About Dry Tortugas National Park
Dry Tortugas National Park is approximately 70 miles west of Key West in the Straits of Florida, and consists of roughly 101 square miles at the westernmost extent of the Florida Keys. The Florida Keys are composed of 1,700 keys, or islands. The park currently encompasses seven keys, including Garden, Loggerhead, Bush, Long, East, Hospital, and Middle Keys, collectively known as the Dry Tortugas. The keys are composed of coral reefs and sand and are surrounded by shoals and open water. Due to the effects from wind, waves, and storms, these islands are constantly changing in shape, size, and elevation. In fact, historically, hurricanes have caused a few of the smaller keys to disappear and reappear due to sandbar movement.
At present, only Garden and Loggerhead Keys possess known elements of human habitation and development. In a global context, the Dry Tortugas are situated at the edge of the main shipping channel between the Gulf of Mexico, the western Caribbean, and the Atlantic Ocean. Thus, these keys were of strategic importance for national defense, and the underwater reefs have posed a serious navigation hazard to passing ships over the centuries, creating a submerged cultural landscape containing numerous shipwrecks and making this area one of the nation’s principal ship graveyards.
Under the authority of the Antiquities Act, President Franklin D. Roosevelt designated Fort Jefferson National Monument on January 4, 1935, and assigned management responsibilities to the National Park Service. This national monument included 47,000 acres of keys and water and primarily focused attention on the historic fort on Garden Key. Congress expanded the monument in 1983 and redesignated it as Dry Tortugas National Park on October 26, 1992. Upon redesignation, the unit’s purpose broadened to emphasize not only Fort Jefferson and the many shipwrecks and other cultural resources in the park, but also the preservation of the diverse island and marine ecosystems of the Dry Tortugas. Due to its remote location, the park is accessible by commercial ferry boat, seaplane, or private boat. Visitors experience the park through recreational activities such as touring Fort Jefferson, snorkeling, scuba diving, paddle boarding, sea kayaking, camping, bird-watching, boating, and recreational fishing.
Garden Key is the site of Fort Jefferson, one of the most ambitious and expansive 19th century American masonry coastal forts. Originally built to protect shipping access to the Gulf of Mexico, construction began in 1846 but was never completed. Logistical challenges and the Civil War delayed construction. During the Civil War, the fort was used as a military prison, housing Union deserters and four Lincoln assassination conspirators. The fort was never completed due to shifting military technologies and its construction ceased in 1875. Today, Fort Jefferson is the primary destination for people visiting the park and remains an iconic image of the permanent Third System coastal defense era.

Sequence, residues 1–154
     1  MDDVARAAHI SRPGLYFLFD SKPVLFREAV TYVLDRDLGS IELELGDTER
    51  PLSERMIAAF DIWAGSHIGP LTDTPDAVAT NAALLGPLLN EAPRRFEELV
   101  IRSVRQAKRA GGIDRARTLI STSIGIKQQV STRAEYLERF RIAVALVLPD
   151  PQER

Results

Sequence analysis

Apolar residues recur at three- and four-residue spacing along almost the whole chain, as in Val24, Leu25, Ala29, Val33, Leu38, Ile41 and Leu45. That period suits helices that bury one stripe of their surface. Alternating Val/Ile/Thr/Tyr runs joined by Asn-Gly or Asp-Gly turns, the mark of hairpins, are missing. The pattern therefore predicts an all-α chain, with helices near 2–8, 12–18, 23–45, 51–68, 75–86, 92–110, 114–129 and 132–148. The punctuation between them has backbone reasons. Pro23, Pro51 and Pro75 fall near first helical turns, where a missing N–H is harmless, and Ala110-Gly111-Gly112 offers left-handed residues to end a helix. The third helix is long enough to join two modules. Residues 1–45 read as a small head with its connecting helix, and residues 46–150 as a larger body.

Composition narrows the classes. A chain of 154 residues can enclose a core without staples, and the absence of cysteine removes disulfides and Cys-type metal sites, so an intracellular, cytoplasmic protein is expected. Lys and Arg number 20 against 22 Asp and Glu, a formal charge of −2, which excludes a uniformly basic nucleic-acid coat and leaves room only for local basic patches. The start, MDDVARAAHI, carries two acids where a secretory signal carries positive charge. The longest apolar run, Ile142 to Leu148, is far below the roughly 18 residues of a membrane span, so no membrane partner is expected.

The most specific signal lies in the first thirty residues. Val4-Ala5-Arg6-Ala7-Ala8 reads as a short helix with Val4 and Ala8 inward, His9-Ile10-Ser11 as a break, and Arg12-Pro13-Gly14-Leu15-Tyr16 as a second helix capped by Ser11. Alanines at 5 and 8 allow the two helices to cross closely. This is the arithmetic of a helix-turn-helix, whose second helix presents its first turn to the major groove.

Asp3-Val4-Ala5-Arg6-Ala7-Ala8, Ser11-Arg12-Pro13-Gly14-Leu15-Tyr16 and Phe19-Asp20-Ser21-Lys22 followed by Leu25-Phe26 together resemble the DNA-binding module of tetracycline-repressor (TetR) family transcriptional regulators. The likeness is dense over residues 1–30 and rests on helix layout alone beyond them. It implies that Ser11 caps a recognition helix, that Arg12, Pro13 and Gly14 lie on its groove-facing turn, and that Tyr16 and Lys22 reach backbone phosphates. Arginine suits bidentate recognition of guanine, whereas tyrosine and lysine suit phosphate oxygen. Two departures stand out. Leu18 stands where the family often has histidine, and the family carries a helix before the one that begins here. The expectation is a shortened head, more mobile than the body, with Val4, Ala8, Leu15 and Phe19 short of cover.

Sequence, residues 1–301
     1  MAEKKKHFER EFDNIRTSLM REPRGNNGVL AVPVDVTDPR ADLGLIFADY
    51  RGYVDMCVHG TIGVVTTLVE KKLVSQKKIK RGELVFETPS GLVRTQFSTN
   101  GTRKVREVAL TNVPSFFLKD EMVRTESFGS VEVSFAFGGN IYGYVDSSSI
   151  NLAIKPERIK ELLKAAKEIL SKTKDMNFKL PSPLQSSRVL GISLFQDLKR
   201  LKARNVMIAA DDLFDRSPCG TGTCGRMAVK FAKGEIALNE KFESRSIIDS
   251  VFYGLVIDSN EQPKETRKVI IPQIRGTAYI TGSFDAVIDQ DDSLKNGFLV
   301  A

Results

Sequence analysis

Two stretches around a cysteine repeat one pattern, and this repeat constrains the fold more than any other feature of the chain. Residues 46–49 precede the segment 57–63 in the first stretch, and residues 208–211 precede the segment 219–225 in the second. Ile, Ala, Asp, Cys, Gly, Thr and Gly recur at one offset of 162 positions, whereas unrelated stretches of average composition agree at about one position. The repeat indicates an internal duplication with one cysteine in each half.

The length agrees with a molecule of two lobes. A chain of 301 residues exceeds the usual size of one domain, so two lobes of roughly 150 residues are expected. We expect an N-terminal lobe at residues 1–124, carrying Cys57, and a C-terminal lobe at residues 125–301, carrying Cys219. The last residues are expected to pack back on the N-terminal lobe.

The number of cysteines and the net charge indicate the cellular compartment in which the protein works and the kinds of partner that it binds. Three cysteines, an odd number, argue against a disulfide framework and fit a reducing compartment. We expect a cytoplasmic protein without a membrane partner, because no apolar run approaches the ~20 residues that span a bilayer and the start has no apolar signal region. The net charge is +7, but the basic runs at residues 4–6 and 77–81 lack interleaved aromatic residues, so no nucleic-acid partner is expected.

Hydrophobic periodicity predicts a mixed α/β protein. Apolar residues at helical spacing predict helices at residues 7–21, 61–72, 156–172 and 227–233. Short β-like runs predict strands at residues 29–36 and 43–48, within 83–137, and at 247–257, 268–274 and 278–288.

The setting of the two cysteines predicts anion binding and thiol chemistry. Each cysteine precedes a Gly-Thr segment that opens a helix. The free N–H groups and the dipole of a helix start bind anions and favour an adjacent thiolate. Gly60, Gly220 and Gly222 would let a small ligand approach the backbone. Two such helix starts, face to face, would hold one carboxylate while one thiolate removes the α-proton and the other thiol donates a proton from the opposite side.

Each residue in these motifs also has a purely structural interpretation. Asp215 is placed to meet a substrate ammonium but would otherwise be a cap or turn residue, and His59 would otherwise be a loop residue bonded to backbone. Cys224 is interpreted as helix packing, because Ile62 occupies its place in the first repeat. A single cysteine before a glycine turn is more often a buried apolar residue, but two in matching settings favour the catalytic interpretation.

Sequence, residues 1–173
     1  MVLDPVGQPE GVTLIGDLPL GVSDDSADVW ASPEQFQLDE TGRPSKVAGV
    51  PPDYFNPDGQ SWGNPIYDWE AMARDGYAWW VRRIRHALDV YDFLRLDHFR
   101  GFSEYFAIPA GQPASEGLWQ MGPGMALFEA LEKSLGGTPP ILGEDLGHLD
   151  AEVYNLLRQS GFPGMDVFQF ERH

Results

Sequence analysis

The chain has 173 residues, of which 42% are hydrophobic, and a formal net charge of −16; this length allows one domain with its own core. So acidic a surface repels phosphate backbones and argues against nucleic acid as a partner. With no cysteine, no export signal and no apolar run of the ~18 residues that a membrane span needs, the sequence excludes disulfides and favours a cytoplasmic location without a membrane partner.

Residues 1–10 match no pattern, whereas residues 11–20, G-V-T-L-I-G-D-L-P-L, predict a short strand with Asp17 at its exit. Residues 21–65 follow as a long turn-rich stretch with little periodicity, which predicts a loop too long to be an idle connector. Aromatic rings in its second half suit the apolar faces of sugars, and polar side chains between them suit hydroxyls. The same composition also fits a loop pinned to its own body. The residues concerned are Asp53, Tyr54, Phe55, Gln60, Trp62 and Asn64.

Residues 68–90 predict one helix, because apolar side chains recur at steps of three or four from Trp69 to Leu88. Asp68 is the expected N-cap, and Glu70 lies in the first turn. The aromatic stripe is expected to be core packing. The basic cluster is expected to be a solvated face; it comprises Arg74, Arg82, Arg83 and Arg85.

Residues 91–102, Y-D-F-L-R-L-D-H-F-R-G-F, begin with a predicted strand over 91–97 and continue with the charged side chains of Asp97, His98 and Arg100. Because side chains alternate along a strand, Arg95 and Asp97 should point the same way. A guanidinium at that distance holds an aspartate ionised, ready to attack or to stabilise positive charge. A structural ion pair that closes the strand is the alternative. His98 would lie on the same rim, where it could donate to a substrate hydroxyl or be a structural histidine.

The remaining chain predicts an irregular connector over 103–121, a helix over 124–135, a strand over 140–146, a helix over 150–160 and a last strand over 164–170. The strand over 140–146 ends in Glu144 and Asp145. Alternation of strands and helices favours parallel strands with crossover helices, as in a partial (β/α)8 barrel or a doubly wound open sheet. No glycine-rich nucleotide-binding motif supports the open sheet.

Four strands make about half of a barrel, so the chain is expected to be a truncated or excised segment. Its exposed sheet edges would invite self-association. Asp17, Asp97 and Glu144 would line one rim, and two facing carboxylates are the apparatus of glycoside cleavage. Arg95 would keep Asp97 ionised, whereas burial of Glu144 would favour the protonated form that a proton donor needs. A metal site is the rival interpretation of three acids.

Loggerhead Key is the largest of the seven keys and home to the Dry Tortugas Light Station, which was completed in 1858. Standing at over 160 feet in height, the light station provided warnings to sea vessels of the dangerous reefs of the Dry Tortugas and was operated by the U.S. Coast Guard until 2014. Also on Loggerhead Key are the ruins of the first subtropical marine laboratory in the Western Hemisphere—the Carnegie Institution Tortugas Marine Biology Laboratory, which was established in 1904.
The five other keys in the park remain in a relatively natural state and are managed to protect the critical habitat they provide. Hospital and Long Keys possess significant turtle and bird nesting sites and are closed to visitation year-round. Bush Key is closed part of the year during bird nesting season. Middle Key is a sandbar that is awash in the summer but emerges intermittently at other times of the year. East Key is also a significant turtle nesting area and is closed during the nesting/hatching period.
The keys in the park account for less than one-fifth of a square mile of the park’s 101 square miles. Dry Tortugas National Park protects a rich biodiversity of coastal and marine life, including seagrass beds, diverse fisheries, and high-quality sea turtle and bird nesting habitat. In addition, the subtropical coral reefs of the Dry Tortugas are some of the most pristine on the continent and possess a full range of Caribbean coral species. The park’s designated no-take research natural area protects spawning habitat that supports healthy fish populations and a diversity of other aquatic species that spread to other areas of the Straits of Florida and beyond by swimming or by the flow of currents that disperse larvae to distant areas, resulting in benefits to regional fisheries far beyond the park’s boundary. These resources play a vital role in sustaining Florida’s coastal ecosystems and fisheries. The research natural area was also established to complement the marine preservation provided by the adjacent Tortugas Ecological Reserve, which is managed by National Marine Sanctuaries, a branch of the National Oceanic and Atmospheric Administration.
|Date the Park was Established:||October 26, 1992|
|Park Area (as of 2019):||64,701.22 acres (261.8 km2)|
|Recreational Visitors (2018 Total):||56810 visitors|